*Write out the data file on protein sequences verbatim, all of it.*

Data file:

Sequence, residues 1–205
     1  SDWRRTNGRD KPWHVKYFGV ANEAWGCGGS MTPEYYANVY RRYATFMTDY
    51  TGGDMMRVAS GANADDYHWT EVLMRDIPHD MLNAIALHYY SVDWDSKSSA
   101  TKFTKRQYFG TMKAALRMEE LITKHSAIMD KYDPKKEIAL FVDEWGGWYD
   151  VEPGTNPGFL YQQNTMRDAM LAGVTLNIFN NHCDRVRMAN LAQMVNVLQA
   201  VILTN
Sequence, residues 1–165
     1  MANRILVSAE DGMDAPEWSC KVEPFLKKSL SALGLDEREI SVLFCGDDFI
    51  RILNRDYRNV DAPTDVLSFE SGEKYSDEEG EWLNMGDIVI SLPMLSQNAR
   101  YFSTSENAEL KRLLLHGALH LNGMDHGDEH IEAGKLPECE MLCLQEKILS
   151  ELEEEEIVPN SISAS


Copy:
Sequence, residues 1–205
     1  SDWRRTNGRD KPWHVKYFGV ANEAWGCGGS MTPEYYANVY RRYATFMTDY
    51  TGGDMMRVAS GANADDYHWT EVLMRDIPHD MLNAIALHYY SVDWDSKSSA
   101  TKFTKRQYFG TMKAALRMEE LITKHSAIMD KYDPKKEIAL FVDEWGGWYD
   151  VEPGTNPGFL YQQNTMRDAM LAGVTLNIFN NHCDRVRMAN LAQMVNVLQA
   201  VILTN
Sequence, residues 1–165
     1  MANRILVSAE DGMDAPEWSC KVEPFLKKSL SALGLDEREI SVLFCGDDFI
    51  RILNRDYRNV DAPTDVLSFE SGEKYSDEEG EWLNMGDIVI SLPMLSQNAR
   101  YFSTSENAEL KRLLLHGALH LNGMDHGDEH IEAGKLPECE MLCLQEKILS
   151  ELEEEEIVPN SISAS